Of the 237 members who asked to speak at the special convention, 68pc have asked to speak in favour of the motion with 32pc against it.
The programme has to be backed by two-thirds - 66.6pc - of Green members in order for the party to enter coalition. A postal ballot of members will take place after the meeting with the results due on Friday week.
Just under 1,500 members registered to take part in the Greens’ first ever online convention which will debate a motion that states: “The Green Party/Comhaontas Glas will enter Government on the basis of the Programme for Government presented to this Special Convention.”
Justice spokesman Roderic O’Gorman has said Direct Provision will be ended if the Green Party enters government.
Mr O’Gorman said a white paper on ending the controversial system of accommodating asylum seekers and replacing it with a not-for-profit housing model will be published by the end of the year.
“If we are going into government we’re going to end Direct Provision,” he told members during a special online convention.
The Dublin West TD also confirmed the Greens would be seeking the office of Attorney General, and while there is no guarantee, it will get it, he added: “We will have a veto on the person appointed.”
Mr O'Gorman said that he would have no issues with the Greens quitting government if the Fianna Fáil or Fine Gael consistently fail to deliver on a priority in the programme for government or “do something completely at variance” with what’s in the document.
Dublin Fingal TD Joe O'Brien spoke in favour of going into government saying the Greens will be more effective in a "close quarters brawl with the parties that represent the status quo rather than being observers from a distance."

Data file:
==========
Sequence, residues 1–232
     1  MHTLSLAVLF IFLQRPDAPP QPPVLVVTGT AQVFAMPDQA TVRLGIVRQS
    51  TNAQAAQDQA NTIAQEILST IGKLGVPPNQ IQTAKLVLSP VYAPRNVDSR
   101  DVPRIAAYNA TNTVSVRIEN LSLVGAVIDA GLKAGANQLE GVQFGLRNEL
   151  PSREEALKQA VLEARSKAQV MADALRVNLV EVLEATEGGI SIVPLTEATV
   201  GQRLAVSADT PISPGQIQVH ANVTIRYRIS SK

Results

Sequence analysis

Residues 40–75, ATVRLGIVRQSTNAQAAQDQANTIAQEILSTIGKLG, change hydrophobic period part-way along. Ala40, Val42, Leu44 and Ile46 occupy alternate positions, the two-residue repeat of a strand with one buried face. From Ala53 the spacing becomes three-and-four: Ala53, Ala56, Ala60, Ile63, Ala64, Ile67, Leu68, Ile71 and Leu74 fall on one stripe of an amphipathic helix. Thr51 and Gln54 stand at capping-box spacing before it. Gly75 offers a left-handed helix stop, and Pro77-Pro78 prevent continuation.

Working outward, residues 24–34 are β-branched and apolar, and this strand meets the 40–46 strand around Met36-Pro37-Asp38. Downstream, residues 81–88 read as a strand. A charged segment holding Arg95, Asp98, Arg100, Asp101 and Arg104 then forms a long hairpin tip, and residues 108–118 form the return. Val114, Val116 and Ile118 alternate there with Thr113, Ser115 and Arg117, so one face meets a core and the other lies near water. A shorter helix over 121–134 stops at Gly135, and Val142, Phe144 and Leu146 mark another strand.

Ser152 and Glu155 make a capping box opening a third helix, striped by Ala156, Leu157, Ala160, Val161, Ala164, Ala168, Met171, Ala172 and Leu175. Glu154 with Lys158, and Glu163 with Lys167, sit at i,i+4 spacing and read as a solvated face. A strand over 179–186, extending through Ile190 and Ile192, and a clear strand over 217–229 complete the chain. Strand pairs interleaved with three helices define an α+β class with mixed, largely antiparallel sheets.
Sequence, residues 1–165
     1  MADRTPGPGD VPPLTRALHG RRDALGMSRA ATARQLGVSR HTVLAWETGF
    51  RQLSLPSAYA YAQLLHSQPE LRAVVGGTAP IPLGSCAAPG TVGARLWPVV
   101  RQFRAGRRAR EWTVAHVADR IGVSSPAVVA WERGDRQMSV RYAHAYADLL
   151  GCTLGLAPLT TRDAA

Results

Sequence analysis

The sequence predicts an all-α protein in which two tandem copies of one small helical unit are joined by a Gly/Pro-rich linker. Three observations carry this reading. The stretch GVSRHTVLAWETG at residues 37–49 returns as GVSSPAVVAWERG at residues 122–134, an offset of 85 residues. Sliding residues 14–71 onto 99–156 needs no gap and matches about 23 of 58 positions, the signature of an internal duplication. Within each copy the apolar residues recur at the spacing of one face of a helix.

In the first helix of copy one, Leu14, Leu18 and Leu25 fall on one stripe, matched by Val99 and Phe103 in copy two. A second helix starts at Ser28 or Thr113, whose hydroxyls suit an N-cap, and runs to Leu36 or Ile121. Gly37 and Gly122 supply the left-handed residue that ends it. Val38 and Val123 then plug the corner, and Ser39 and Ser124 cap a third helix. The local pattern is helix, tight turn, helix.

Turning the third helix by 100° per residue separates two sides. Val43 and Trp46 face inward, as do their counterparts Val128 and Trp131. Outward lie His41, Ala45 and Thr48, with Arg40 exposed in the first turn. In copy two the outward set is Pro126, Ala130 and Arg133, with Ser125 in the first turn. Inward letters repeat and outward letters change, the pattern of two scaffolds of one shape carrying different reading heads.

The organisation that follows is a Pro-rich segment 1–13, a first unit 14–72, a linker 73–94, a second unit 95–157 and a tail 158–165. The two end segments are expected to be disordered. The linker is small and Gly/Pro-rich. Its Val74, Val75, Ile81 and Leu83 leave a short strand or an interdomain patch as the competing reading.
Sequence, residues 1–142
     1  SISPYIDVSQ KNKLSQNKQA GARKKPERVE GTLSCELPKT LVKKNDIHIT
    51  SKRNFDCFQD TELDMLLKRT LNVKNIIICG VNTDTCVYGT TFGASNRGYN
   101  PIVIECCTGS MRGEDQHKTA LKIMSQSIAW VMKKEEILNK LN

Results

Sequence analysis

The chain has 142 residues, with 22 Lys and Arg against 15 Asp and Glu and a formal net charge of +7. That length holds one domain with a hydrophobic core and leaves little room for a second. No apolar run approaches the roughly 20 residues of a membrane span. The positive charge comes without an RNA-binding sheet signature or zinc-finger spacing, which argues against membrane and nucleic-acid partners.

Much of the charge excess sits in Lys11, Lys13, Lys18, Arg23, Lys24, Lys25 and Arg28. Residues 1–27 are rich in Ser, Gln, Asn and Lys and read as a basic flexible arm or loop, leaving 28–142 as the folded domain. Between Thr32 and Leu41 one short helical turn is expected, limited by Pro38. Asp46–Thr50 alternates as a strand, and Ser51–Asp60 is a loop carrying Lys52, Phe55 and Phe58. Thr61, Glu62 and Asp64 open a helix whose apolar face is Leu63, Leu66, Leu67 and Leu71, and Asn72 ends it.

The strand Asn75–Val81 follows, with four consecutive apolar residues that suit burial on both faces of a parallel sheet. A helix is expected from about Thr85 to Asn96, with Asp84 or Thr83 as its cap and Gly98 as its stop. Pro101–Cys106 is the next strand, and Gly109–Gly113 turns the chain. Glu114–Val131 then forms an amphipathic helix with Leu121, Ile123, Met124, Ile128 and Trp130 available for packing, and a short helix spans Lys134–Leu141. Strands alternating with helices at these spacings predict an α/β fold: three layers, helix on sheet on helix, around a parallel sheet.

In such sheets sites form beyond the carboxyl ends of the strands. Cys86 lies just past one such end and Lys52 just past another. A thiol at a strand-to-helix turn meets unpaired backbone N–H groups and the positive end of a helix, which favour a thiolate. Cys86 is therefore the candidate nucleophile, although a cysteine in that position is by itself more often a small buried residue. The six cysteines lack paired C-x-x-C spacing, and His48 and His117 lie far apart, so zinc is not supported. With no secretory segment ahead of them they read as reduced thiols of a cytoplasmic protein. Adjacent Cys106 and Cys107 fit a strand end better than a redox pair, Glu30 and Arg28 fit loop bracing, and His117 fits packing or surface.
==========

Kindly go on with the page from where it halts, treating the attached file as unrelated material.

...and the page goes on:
He said he made three points on the election trail that he'd talk to any party, that action was needed on the climate emergency and to fight for social justice.
Mr O'Brien said this put him in a difficult situation - working with the two parties he felt oversaw the issues that needed to change.
But he argued this "considerable discomfort" should be overcome.
He said social justice and climate action will better served by the Green Party in government than staying out.
Mr O'Brien hailed the €1.8bn in spending commitments for walking and cycling.
He argued there have been "huge wins" in the areas of climate action, health and quality of life.
"We have commitment to end direct provision. This is huge in my view and I would be heartbroken if we walked away from it," he added.
Mr O'Brien argued that the Greens have never had a better chance to influence policy and may never have a better one again.
Dublin councillor Peter Kavanagh spoke against going into government.
He said climate action is urgent but Green Party members must question if they're willing to compromise core values.
Mr Kavanagh said the Greens sought €22m investment in marginalised Gaeltacht areas - a quarter of the funding that what he described as the "abominably cruel" horse and greyhound industries get form the State and "we got nothing".
He argued that the total carbon reduction secured is less than the Greens promised before election.
He said it's more than Fianna Fáil and Fine Gael had promised but it's "neither radical or transformational".
Mr Kavanagh asked if the Green Party is "willing to give up the fight to build pubic houses on public land?"
He said he campaigned to get the party into government but "not at any cost".